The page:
Rogue One (the words “A Star Wars Story” are nowhere on the screen) is basically a heist movie, all about how a rag-tag group of misfits were able to steal the The Death Star plans so the Rebellion could find a weakness and exploit it.  Yet, it never pulls back on letting us know what the stakes are.  The Empire in this movie is seen as an all-consuming galactic nightmare, a massive military regime with the power to control and enslave an entire civilization just by force of will – and this is before Vader is put in command.  The Empire knows how to show its muscle and the timeline here begins at a moment when their new super weapon is still thought to be only a rumor.  That fantasy is crushed the first time that The Death Star is used to strike at a city from space and we clearly understand what that means for the rest of the galaxy.  Time is of the essence here.  One of the values of this film is that its special effects are able to take it places that the original films could not go.  In a horrifying scene, we get to see what the Death Star’s laser does to a large desert city – we see the ground pulled up and torn apart in ways we didn’t see with the destruction of Alderaan.

The setting owes everything to Star Wars but the story owes its nuts and bolts to all those great World War II mission movies like The Dirty Dozen and The Bridge on the River Kwai and especially The Guns of Navarone (another film about the need to destroy an enemy super weapon.)  These are desperate times, when the Empire has taken control and plunged the galaxy in darkness.  When Obi-Wan called this “The Dark Times” he wasn’t kidding.  We can feel the boot of the Empire pressing down on even the most mundane aspects of day-to-day life.  Those who fear the regime hovel in corners and shanty towns and outposts where they eek out a living in poverty.  The Jedi are all but extinct and those who worship The Force are mired in the remnants of a hokey religion that breeds far-flung cults of little significance.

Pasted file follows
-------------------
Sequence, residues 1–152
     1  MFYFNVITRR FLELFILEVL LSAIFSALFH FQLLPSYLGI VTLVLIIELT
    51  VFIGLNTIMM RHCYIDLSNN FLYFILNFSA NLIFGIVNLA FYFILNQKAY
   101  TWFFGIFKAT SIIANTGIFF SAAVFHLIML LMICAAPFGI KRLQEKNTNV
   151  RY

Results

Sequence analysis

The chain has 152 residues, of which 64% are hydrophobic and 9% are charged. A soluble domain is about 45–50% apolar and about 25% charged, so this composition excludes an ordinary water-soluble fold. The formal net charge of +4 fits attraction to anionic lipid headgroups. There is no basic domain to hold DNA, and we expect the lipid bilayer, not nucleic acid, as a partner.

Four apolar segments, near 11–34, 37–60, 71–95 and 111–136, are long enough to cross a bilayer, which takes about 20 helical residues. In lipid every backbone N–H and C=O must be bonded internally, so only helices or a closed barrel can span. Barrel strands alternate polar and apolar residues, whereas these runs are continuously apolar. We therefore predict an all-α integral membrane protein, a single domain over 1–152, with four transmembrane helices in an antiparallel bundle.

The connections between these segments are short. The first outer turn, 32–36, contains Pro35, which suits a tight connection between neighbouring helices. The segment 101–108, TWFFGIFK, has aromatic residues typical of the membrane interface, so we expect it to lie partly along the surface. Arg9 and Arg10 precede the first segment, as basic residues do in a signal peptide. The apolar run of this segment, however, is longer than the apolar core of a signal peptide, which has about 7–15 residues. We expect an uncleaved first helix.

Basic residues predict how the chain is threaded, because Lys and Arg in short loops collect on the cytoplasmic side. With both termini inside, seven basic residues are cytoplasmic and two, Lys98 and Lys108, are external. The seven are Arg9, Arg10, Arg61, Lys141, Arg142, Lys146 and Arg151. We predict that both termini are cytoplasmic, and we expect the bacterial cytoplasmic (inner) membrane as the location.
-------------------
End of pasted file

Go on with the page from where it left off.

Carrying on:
The central figure of Rogue One is Jyn Erso (played by a straight-faced Felicity Jones) whose father Galen (Mads Mikkelsen) was a noted Imperial Engineer who was heavily involved in the construction of The Death Star until he jumped ship and went into hiding.  An incident in Jyn’s childhood left her homeless so she was adopted and raised under the care of no-nonsense revolutionary and Clone War veteran Saw Gerrera (Forest Whittaker) whose broken body is kept alive by the same technology that keeps Darth Vader breathing.